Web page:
All in all our trip had a somewhat surreal quality to it. Everything we saw in Hendersonville looked familiar, but something seemed to have changed. I think what has changed is me. I’ve gotten used to a slower pace of life, not needing all the “stuff” I seemed to think was important, and am happy without all the hustle and bustle. It’s good to be home.

P.S. When David fired up his laptop when we got home, it worked perfectly – no virus attacks, which makes us think all the more that the hotel’s network was breached.

Monday, March 23, 2015

A Hot Clothing Option

As I write this post, the temperature is pegged at 84 degrees, humidity at 95%, and a "feel like" temperature of 101 degrees.

Now I report this info not to weather gloat in any way, shape, or form. Rather, I share this data to explain my latest clothing purchase.

Yes, it is a caftan. A 100% cotton caftan, I might add.

If I had been told three years ago that one of these would be in my closet and that I would want to wear every blessed day when it's hot, I would not have believed it.

But it's the perfect thing to swan around the house in (because swans and I have so much in common) or throw over a bathing suit. In short, it is one of the best clothing decisions I have ever made. It also means I will be buying more of them.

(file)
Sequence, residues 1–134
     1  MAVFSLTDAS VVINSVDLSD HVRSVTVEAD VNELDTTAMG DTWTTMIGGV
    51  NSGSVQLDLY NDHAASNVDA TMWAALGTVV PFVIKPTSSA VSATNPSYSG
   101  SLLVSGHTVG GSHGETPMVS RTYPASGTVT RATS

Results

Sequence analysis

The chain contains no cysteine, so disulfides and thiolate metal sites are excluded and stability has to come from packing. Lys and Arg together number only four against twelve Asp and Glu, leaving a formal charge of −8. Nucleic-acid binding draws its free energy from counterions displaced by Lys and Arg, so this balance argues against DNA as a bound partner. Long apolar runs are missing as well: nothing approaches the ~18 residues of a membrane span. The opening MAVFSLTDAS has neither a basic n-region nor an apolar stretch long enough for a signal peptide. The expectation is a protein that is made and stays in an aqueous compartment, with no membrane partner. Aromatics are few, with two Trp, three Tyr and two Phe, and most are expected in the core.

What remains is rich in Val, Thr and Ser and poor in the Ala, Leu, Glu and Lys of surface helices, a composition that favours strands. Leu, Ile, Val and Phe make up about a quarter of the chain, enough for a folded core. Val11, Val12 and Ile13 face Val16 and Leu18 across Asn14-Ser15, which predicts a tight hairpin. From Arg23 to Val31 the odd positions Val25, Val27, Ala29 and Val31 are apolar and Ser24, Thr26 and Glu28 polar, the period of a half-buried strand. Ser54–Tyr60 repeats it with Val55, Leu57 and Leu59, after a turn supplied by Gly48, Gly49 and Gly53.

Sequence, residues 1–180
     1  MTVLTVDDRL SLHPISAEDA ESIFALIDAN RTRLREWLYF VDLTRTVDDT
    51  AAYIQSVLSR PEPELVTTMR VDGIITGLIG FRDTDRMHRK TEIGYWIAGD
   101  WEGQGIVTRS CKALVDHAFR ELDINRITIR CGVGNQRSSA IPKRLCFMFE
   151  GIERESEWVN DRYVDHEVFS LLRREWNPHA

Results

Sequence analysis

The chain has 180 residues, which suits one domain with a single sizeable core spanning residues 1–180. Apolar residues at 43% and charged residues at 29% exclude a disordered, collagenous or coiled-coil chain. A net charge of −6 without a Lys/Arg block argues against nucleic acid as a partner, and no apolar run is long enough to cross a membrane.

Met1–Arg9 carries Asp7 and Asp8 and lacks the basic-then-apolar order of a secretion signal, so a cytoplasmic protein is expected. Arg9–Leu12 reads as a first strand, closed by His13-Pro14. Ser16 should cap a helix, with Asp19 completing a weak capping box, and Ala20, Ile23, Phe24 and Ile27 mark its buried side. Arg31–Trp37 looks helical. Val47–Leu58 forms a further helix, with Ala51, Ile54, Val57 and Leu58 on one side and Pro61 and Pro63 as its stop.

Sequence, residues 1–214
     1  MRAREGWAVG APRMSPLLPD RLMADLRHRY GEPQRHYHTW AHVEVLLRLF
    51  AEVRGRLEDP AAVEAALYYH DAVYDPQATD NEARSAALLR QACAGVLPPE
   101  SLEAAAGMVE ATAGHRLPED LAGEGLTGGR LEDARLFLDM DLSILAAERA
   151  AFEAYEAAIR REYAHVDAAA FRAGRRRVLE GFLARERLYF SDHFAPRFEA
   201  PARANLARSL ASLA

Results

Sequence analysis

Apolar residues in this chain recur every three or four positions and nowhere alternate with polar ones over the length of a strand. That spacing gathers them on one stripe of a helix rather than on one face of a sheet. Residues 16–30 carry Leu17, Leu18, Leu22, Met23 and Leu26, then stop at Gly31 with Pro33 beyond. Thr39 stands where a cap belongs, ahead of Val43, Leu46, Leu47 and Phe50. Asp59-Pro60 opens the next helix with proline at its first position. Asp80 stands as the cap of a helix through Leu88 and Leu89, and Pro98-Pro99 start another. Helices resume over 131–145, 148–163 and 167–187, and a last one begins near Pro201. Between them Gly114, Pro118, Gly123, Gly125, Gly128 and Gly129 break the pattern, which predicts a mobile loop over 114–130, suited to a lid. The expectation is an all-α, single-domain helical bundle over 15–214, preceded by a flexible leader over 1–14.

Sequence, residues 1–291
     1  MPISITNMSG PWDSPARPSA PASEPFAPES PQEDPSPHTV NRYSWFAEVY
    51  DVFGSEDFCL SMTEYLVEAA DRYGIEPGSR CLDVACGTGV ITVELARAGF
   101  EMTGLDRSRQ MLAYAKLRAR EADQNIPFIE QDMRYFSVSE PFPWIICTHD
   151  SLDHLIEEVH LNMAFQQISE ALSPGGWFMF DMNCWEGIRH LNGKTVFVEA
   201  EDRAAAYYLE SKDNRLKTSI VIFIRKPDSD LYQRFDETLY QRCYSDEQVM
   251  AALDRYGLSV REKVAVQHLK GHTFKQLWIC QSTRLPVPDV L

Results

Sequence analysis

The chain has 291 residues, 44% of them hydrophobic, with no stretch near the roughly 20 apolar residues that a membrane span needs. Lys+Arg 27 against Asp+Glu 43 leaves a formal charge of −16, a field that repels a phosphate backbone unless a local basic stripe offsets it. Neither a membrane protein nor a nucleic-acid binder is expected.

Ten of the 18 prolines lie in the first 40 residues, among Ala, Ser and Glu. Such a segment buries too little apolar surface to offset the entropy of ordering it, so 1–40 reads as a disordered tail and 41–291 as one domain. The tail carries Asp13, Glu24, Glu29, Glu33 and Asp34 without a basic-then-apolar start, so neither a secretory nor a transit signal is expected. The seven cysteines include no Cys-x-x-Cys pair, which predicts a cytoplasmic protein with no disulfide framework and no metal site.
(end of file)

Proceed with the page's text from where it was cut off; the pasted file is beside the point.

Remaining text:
Now as long as I don't trip over the hem...

P.S. If you haven't checked out The Wright Table recently, you might want to give it a peek, especially if Chicken Bacon Pasta or Pork Adobo strike your fancy.

Monday, March 16, 2015

Spring in Ranchito

I love the plants and trees in our yard year round. But it's this time of year when something magical happens. The yard is packed with so many colors.

Let me take you on a tour to show some of my favorites.

One of many hibiscus

The bougainvillea is in full, glorious bloom 

These peachy-pink ones are a favorite of mine

Then again, the red ones are also very pretty

Oranges are ripening up

This lime is ready to be picked and, boy, is this a delicious variety

Another crop of apple bananas forthcoming

Our lemon tree!

Cactus flowers almost ready to pop

Even some orchids have started making an appearance

And just how gorgeous is this?
For those of you still battling snow storms and ice (Jayne and Steve), please know that you will be surrounded by all of this and more in just a couple of weeks. Until then, be warm and safe my friends!